I got a call last week from the secretary of the special education department at our school.  She told me, in a happy voice,  “Now that Elizabeth will be 22 years old, she is now done with Option 23.  This means she is finished, done.”   ……..

You see, we opted for what is called Option 23, which in Ohio means that a student can stay in the “school system” after graduation until the age of 22 years old. For us, this meant that in the post secondary school ( the college program)  we had an IEP to direct her goals etc.  It also meant we were still linked to the school in terms of IEP meetings, talking to the director of special education about reports and the like.

“You can come and pick up Elizabeth’s diploma at the high school office whenever you want to…..”

I have plans this week to run over and pick it up. We were not supposed to “accept” the diploma at graduation, but hand it back after the ceremony.  I was told if we accepted it, we could not continue with Option 23.  So we handed it back on graduation day. And now, I am told I can get it.  I must admit, I am a bit pensive about getting the diploma because I know that it will simply be handed over to me.  I will say thank you and go home.  I don’t know what  I wish to happen but it just seems like such a subdued exit for what was always such huge emotional moments related to any and all trips to the school regarding Elizabeth.

What will be a matter of a smooth transaction for the diploma will be in such direct contrast to the nerves and emotions typically felt as we sat with the IEP team discussing her special needs, being asked again about her dyspraxia and teaching them again just how her sensory processing disorder affects her day.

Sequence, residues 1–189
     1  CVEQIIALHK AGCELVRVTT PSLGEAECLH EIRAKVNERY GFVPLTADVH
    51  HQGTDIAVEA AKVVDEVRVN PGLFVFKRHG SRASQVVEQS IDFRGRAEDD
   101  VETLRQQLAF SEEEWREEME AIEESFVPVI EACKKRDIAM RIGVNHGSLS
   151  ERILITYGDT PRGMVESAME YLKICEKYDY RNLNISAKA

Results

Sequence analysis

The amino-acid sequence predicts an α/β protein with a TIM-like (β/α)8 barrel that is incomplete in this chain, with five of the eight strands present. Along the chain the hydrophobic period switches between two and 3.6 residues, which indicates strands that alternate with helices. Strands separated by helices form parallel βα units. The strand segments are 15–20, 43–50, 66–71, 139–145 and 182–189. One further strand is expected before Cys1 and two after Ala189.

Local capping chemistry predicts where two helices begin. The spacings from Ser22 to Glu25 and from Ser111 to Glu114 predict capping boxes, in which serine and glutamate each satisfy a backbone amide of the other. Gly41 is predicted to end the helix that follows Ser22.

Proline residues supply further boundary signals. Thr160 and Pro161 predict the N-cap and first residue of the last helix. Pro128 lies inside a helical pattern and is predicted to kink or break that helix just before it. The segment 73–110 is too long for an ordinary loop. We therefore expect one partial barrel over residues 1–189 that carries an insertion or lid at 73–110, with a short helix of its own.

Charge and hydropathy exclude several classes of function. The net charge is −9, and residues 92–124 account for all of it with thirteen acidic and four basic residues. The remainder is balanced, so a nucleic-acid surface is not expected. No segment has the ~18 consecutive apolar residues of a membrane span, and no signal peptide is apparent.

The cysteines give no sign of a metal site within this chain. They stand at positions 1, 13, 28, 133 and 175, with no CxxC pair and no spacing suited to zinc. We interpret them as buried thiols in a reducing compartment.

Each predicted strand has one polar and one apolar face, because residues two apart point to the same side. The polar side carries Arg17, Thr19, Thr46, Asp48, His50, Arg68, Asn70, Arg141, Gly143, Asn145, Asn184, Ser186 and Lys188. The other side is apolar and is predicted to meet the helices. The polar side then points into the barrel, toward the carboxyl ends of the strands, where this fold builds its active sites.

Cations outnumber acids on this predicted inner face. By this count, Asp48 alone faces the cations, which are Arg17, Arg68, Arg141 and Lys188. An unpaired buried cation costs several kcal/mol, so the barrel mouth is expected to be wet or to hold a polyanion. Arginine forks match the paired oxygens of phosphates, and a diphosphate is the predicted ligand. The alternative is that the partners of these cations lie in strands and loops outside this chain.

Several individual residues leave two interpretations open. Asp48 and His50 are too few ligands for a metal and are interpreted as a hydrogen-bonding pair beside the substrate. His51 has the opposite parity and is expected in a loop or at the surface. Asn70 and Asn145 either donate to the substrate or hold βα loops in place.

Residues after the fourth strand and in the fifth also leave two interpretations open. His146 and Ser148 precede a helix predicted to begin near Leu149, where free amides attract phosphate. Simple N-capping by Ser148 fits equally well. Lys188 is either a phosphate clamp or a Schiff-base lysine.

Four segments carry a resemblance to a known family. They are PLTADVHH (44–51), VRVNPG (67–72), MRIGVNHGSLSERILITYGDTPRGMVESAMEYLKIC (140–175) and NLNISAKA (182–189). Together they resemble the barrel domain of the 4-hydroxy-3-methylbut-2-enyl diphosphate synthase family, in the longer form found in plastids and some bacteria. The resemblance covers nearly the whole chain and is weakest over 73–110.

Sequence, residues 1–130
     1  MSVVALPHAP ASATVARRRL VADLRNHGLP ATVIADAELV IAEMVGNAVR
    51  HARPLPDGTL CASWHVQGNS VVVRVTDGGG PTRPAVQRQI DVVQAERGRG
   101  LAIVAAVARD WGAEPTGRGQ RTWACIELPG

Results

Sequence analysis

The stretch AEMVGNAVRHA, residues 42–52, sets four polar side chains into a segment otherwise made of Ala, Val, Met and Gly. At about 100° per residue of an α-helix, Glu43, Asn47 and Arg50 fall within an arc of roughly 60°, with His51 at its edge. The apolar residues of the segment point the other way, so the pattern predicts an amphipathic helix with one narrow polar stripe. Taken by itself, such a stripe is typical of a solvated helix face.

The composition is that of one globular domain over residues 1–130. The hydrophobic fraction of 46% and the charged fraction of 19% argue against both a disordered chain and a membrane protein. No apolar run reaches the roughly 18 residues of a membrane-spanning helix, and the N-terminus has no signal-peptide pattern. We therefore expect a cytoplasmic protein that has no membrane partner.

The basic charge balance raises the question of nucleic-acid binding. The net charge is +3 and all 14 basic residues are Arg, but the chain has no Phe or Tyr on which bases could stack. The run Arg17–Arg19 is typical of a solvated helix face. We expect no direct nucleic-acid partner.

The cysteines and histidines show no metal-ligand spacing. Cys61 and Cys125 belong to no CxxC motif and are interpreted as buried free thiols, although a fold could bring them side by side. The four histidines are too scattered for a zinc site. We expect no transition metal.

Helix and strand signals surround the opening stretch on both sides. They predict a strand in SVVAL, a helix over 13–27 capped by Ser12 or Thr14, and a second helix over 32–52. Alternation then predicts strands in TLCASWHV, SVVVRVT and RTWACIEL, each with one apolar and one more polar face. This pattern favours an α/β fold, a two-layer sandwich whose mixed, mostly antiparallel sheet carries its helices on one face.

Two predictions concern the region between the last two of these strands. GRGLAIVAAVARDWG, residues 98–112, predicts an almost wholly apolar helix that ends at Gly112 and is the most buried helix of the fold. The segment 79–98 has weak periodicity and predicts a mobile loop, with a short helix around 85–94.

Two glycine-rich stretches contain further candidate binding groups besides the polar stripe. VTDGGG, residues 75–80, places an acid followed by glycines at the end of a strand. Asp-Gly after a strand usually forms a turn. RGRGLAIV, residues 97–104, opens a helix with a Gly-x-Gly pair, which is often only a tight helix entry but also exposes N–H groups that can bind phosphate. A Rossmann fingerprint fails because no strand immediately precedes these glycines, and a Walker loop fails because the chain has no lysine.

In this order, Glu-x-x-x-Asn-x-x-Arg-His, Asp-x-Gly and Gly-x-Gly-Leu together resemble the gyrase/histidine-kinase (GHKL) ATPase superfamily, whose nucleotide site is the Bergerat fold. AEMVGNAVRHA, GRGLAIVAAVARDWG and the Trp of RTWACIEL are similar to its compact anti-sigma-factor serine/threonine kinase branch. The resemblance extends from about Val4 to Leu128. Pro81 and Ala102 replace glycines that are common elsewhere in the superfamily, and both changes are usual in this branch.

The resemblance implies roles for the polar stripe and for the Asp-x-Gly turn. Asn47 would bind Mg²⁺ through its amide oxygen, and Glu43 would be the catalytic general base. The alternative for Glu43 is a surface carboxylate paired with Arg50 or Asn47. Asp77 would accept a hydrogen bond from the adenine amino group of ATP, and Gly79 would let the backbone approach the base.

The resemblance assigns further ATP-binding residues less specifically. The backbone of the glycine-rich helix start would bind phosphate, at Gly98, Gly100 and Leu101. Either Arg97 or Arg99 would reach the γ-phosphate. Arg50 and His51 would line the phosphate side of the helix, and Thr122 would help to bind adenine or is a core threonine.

This simple end of her journey in the school system is in blazing contrast to the complex, tangled, joyful, successful and struggling journey we have had her whole life.

I do not need to sign anything like before when I signed 100 forms.

I do not need to tell them when I am coming to get the diploma like  before when we had a specific date and time for everything.

I do not need to tell them what we are doing next like before when we were mandated to tell all.

It is weird to me, to see the end of this part of her road as we have been on it for so long.

….“No more IEP’S Mrs. Gianetti”  was the next statement made by the secretary.

Maybe she is right, we won’t have any more IEP’s or meetings to discuss IEP’s or progress reports related to the IEP.  But in reality, we are not done.  As I have said before, we are a work in progress and what we are doing for our goals, may not be stated in official IEP format, but they will be there and we will be working.

So I am going over to get the diploma and as I do I will be thinking of my own words…

I always talked about “being in the moment” as well as keeping your eyes on the next step you may need to make for your child. We literally have to do that to make sure we don’t get so involved in our current world, therapies and needs, that we look up to find ourselves at the end of a “road”, not having realized it was coming and potentially find ourselves not knowing what road is next for us.

I need to keep doing that because our journey continues…  just this one path has ended.

I wish everyone a peaceful week.

Michele Gianetti author of “I Believe In You: A Mother and Daughter’s Special Journey” and “Emily’s Sister